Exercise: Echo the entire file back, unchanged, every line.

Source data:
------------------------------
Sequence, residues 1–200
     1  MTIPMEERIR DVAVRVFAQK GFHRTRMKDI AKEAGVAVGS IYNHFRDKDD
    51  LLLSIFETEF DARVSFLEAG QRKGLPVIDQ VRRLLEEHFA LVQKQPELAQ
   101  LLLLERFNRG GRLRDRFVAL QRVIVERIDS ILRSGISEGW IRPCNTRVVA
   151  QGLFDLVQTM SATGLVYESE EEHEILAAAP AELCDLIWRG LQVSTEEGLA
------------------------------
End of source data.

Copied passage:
Sequence, residues 1–200
     1  MTIPMEERIR DVAVRVFAQK GFHRTRMKDI AKEAGVAVGS IYNHFRDKDD
    51  LLLSIFETEF DARVSFLEAG QRKGLPVIDQ VRRLLEEHFA LVQKQPELAQ
   101  LLLLERFNRG GRLRDRFVAL QRVIVERIDS ILRSGISEGW IRPCNTRVVA
   151  QGLFDLVQTM SATGLVYESE EEHEILAAAP AELCDLIWRG LQVSTEEGLA